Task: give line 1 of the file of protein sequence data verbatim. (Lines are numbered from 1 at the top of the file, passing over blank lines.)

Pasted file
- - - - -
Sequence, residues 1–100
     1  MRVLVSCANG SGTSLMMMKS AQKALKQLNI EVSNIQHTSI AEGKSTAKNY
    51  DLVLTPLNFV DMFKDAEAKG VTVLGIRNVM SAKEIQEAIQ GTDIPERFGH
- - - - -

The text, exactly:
Sequence, residues 1–100